Current high home prices aren’t quite lining up with the usual contributing factors, according to the Federal Reserve Bank of Dallas, and it’s creating a concerning housing bubble.
Dallas Fed researchers recently published a paper that compared U.S. home prices with the underlying economic factors.
The researchers found that the rising prices are “out of step” with market fundamentals, and they are finding the behavior abnormal for the first time since the market boom in the early 2000s.
According to the paper, rapid home price appreciation doesn’t signal a housing bubble on its own.
Researchers cite shifts in disposable income, supply disruptions, and rising labor and materials costs as typical economic reasons for sustained home price gains.
However, the point of concern, according to researchers, is the fear of potential buyers who think they need to rush into the market or risk being left behind.
This fear is a “self-fulling mechanism,” which can lead to explosive price growth that further separates the housing market from its fundamentals.
The increasing misalignment, according to the paper, can result in distorted investment patterns, bankruptcies, and eventually, a housing market crash.
Despite the data, researchers don’t expect a fallout like the 2007-09 financial crisis.
They say that household balance sheets appear to be in better shape, and excessive borrowing doesn’t seem to be a contributing factor.
In 2007, 7 percent of household disposable personal income was used toward mortgage debt service payments, whereas the most recent figures are at 3.8 percent.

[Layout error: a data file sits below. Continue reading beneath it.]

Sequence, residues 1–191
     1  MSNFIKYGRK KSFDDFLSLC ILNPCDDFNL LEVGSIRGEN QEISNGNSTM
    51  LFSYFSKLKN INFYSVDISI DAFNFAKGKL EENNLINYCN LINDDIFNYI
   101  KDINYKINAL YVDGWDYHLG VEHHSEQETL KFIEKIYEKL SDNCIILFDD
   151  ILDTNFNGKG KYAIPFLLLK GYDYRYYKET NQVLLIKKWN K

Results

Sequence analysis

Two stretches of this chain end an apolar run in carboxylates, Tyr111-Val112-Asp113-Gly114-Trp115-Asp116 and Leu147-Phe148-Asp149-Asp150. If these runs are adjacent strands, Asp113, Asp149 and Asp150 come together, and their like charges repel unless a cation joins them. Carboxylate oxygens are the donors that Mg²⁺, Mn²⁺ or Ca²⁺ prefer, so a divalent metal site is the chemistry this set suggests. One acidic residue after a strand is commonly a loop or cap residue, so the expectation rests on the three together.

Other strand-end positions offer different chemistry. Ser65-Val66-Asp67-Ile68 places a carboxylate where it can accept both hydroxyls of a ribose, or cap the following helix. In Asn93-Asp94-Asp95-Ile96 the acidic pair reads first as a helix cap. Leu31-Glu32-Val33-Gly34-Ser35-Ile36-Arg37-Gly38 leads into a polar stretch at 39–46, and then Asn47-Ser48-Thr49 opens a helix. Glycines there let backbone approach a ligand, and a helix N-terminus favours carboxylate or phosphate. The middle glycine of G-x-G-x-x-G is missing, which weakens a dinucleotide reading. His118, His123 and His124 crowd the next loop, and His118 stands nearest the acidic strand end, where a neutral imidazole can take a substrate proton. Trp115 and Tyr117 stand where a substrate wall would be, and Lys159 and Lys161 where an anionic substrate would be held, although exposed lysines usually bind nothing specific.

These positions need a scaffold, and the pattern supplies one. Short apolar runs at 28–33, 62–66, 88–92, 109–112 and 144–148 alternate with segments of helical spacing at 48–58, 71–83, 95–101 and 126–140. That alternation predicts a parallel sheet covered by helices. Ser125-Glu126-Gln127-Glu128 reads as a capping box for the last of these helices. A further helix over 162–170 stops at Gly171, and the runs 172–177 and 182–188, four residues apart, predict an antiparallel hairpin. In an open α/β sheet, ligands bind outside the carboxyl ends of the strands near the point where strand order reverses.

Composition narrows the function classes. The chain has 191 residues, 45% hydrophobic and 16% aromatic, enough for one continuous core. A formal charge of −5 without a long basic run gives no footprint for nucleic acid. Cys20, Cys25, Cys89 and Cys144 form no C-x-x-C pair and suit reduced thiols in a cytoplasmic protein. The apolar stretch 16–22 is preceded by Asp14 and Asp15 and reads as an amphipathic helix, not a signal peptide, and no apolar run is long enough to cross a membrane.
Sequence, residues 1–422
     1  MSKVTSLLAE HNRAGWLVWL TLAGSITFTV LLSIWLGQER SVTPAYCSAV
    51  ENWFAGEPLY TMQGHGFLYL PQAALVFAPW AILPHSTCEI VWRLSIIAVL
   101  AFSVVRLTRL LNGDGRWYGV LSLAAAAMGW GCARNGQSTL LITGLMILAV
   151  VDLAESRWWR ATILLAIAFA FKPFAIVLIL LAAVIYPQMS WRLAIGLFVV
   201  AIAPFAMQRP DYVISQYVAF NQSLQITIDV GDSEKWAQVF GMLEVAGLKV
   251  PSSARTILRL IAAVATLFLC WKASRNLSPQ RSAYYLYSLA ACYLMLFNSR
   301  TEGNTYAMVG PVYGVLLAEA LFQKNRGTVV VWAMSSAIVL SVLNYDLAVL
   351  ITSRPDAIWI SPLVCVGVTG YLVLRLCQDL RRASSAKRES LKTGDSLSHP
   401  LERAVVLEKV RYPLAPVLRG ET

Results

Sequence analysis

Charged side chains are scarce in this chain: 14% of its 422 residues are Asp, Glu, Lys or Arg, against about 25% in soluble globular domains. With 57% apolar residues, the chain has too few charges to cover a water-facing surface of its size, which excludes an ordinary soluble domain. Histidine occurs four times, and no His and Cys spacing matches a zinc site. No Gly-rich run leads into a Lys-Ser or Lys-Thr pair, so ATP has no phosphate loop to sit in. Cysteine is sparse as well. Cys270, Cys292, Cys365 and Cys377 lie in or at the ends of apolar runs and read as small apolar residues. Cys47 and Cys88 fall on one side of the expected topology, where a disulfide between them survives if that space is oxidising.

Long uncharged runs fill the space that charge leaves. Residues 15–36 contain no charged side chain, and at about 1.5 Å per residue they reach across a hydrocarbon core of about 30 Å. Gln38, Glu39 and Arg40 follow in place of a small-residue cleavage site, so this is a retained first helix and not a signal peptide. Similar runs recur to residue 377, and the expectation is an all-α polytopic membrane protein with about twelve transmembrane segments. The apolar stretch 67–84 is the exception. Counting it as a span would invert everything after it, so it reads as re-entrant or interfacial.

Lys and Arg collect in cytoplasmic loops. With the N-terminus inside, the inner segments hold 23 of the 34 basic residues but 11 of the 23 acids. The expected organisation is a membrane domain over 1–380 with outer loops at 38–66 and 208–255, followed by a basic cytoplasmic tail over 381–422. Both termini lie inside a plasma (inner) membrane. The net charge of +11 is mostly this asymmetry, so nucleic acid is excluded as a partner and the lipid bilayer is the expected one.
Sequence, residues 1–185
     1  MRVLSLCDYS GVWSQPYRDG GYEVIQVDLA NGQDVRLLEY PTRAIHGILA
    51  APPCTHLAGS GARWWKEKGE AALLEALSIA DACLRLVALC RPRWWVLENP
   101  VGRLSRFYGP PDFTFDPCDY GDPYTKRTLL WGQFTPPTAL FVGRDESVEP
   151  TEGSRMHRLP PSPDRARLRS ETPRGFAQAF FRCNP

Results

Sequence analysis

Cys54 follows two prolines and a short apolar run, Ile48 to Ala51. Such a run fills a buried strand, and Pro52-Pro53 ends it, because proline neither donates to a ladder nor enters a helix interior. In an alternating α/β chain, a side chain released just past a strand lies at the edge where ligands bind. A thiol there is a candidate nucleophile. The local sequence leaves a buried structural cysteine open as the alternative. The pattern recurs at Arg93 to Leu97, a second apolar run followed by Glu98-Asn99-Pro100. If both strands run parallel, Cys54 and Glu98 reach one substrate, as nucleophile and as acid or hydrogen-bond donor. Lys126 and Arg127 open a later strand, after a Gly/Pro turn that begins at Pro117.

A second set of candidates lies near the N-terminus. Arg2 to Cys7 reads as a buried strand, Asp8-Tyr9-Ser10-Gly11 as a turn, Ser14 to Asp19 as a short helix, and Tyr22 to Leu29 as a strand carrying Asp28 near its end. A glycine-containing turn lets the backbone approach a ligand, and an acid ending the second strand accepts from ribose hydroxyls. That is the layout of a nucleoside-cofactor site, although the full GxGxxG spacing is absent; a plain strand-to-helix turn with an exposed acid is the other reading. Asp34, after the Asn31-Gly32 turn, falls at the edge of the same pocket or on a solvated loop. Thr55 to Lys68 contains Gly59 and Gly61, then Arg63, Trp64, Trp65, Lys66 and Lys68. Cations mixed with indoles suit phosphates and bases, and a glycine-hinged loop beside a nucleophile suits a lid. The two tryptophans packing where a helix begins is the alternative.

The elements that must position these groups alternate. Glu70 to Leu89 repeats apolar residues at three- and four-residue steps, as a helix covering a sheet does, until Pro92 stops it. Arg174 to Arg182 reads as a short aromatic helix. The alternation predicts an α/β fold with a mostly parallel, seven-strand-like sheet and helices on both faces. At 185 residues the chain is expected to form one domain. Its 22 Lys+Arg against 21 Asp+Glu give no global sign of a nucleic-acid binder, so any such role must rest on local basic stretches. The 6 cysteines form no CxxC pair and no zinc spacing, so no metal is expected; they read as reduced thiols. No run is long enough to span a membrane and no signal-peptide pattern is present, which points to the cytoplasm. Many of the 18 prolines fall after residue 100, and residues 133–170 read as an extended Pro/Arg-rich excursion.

The researchers also say that the experience from the early 2000s housing bubble has resulted in more advanced tools and warning indicators that would help experts respond to a crisis in time.
While the reasons for concern are clear, based on economic factors such as price-to-rent ratios and price-to-income ratios, they also are a result of pandemic-related supply issues and policy responses.
Experts continue to hope that rising mortgage rates can eventually cap home price growth so it doesn’t lead to a bubble burst.
Additionally, a large part of home sales today is a result of investor activity, experts say. Rising rates could also calm down this activity.
Experts agree the housing market needs to find its balance, but are confident it should occur naturally as more and more buyers are priced out of the market.
Until then, those who still want to purchase a home should take their shot, experts say, if the window of opportunity remains open for their personal financial situation and goals.